Highly intelligent and loyal, German Shepherds (also known as Alsatians) are known for their good temperament, trainability and endurance. German Shepherds can for instance understand new commands in less than 5 repetitions and obey the first command 95% of the time or more with the right training? This is why they are often associated with law enforcement and high-stress situations. People’s perception can often be of aggressive behaviour if they haven’t met a civilian German Shepherd before. However this only happens due to poor or nasty training on an individuals’ part, or the fact that they are trained for the forces to disarm criminals and detain them so they don’t escape.
As the name suggests, the ‘shepherd’ means they were originally herding and farm dogs. However, they are widely used for other respected work such as tactical manoeuvres with the military, finding missing persons, explosives, gas leaks, drugs, and even decomposing bodies due to their heightened sense of smell, physical strength and stamina. They also help with Red Cross deliveries. They can even be taught more than one language for commands so suspects on the run, in airports, hostage situations, or at schools, have no idea what the dog is being told and how it will react.
Real life German Shepherd heroes include Trakr who rescued the last survivor of the 9/11 World Trade Center attack, Buddy who was the first trained guide dog in America, and Chips who is the most famous World War II war dog whose heroic exploits included his assault on an Italian machine-gun nest and helping to take ten enemy Italian soldiers captive. There have also been many famous German Shepherds (due to their intelligence and skill set) in television and film including ‘Inspector Rex’, ‘The Adventures of Rin Tin Tin’, ‘The Roy Rogers Show’, ‘The Littlest Hobo’, ‘I am Legend’, and ‘K-9’ starring James Belushi. Even Batman had Ace the Bat Hound who appeared sporadically in Batman comics over the years.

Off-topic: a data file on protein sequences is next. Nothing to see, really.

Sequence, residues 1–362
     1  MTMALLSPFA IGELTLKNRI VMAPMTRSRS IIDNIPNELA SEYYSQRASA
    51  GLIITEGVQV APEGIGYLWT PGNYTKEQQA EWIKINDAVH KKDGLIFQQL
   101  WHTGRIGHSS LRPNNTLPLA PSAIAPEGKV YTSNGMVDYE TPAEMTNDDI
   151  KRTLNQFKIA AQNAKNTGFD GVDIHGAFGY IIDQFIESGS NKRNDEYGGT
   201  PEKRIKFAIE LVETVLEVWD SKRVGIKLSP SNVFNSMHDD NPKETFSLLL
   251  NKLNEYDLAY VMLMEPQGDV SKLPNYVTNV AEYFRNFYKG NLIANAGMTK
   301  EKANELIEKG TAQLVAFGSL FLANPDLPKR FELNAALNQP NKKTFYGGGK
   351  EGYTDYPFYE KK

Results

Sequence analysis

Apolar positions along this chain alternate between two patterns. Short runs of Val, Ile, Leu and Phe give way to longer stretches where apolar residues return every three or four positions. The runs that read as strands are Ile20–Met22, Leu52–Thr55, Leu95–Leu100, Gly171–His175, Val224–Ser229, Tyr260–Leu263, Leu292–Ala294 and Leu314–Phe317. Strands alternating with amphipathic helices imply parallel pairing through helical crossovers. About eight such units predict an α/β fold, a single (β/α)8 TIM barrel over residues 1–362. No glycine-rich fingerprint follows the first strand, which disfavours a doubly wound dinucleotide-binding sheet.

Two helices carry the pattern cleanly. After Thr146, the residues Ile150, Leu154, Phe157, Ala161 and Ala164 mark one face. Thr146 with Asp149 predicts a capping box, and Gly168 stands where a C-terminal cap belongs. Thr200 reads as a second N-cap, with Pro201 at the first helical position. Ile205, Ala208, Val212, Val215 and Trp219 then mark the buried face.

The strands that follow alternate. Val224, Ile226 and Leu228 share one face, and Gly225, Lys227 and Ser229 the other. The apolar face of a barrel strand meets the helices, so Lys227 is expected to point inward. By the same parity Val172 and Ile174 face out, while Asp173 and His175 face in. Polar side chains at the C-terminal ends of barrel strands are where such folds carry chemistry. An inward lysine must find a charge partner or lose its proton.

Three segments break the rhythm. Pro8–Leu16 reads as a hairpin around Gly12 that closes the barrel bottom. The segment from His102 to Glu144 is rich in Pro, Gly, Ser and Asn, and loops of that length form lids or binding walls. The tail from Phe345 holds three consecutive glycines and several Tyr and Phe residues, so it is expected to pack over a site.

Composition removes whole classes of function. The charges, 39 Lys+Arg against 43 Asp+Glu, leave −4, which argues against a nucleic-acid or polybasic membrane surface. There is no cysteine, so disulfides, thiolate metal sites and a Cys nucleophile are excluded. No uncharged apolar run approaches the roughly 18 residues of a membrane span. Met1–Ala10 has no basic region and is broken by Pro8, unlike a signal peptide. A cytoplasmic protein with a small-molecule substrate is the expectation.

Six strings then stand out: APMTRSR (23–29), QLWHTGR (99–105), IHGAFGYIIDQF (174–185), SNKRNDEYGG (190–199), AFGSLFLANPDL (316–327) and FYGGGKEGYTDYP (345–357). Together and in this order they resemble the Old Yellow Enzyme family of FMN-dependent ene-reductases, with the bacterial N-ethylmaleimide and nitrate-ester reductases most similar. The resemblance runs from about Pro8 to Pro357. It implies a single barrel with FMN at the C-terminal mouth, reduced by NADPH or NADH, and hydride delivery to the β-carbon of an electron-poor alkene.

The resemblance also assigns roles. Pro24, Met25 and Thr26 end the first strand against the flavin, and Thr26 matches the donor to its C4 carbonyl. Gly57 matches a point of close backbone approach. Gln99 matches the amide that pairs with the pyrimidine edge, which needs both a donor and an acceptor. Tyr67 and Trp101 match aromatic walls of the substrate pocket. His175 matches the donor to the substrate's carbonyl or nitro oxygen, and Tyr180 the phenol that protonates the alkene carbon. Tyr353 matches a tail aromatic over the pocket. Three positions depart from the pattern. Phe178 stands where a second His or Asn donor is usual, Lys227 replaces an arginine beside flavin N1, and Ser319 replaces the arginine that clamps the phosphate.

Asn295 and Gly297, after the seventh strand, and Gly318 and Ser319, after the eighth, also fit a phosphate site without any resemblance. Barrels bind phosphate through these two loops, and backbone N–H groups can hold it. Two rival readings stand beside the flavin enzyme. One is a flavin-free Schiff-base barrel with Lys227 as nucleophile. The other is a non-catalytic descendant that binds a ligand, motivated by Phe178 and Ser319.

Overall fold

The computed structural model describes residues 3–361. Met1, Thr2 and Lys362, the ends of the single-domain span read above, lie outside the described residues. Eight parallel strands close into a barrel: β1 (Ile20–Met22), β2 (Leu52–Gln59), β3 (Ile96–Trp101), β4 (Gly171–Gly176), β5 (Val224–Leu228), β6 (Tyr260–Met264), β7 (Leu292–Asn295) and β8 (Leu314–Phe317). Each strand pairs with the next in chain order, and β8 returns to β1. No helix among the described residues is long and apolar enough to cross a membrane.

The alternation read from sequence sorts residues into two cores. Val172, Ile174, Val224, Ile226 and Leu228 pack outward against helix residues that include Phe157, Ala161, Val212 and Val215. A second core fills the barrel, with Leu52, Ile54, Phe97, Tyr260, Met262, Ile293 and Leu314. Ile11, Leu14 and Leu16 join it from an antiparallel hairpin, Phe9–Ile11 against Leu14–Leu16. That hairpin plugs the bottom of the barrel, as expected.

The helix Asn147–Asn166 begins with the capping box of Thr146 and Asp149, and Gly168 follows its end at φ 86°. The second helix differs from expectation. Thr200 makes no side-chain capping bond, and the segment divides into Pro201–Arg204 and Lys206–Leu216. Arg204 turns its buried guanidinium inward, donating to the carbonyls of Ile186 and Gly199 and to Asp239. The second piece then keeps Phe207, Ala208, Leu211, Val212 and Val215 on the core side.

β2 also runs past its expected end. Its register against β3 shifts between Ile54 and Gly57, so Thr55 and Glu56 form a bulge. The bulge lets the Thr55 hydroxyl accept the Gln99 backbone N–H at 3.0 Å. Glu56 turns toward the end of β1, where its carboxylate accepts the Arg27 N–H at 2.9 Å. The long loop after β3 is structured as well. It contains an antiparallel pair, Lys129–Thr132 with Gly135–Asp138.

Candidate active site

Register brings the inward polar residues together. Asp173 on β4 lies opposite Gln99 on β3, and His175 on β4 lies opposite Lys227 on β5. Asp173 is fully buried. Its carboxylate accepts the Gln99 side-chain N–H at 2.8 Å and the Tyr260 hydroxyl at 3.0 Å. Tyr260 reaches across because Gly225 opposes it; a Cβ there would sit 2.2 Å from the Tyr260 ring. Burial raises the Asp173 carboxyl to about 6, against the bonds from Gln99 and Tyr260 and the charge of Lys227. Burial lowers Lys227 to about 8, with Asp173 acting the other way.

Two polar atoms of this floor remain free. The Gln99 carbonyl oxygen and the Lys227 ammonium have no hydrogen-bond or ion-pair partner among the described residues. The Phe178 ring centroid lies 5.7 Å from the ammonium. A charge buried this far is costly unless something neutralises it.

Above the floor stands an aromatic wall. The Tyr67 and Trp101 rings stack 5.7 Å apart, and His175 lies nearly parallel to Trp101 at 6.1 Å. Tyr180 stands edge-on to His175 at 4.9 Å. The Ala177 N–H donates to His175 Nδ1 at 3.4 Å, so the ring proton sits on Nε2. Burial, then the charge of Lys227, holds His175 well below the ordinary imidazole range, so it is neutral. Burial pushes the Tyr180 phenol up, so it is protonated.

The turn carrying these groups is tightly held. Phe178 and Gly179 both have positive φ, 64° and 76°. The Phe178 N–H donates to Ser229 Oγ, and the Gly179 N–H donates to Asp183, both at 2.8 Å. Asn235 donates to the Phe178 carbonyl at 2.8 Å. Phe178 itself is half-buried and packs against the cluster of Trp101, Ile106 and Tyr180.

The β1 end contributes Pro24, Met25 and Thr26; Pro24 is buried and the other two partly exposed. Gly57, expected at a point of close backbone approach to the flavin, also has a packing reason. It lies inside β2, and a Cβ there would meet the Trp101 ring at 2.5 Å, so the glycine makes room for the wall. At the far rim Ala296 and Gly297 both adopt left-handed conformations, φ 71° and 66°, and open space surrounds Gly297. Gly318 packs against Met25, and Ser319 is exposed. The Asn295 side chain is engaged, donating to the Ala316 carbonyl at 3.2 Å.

Weighing anywhere from 22kg to 40kg, German Shepherds are two to three times heavier than a Japanese Spitz by comparison. They are classified as medium to large sized double-coated dogs. They are also a long dog so if you live in a pokey studio with a fold out bed, you probably should look for a dog smaller in size as German Shepherds love to spread out. They usually live between 9 and 13 years and female Shepherds can produce up to 9 offspring in a litter.
As far as health issues go, German Shepherds are genetically predisposed to Canine hip dysplasia (CHD) and Osteoarthritis, so it is essential to watch their dietary intake by including Omega-3 fatty acids found in fish, krill, mussels, flaxseed, and soybean. Vitamin A and D also contribute crucial roles in bone development and maintenance by regulating bone and calcium metabolism.
Overall German Shepherds are loyal dogs who have lots of love and care to give, but who will also protect their owners at any cost. They do however require more attention, exercise, and training than smaller double-coated breeds, so if you are a new dog owner, this is definitely something to consider and do more research on – but it is worth it!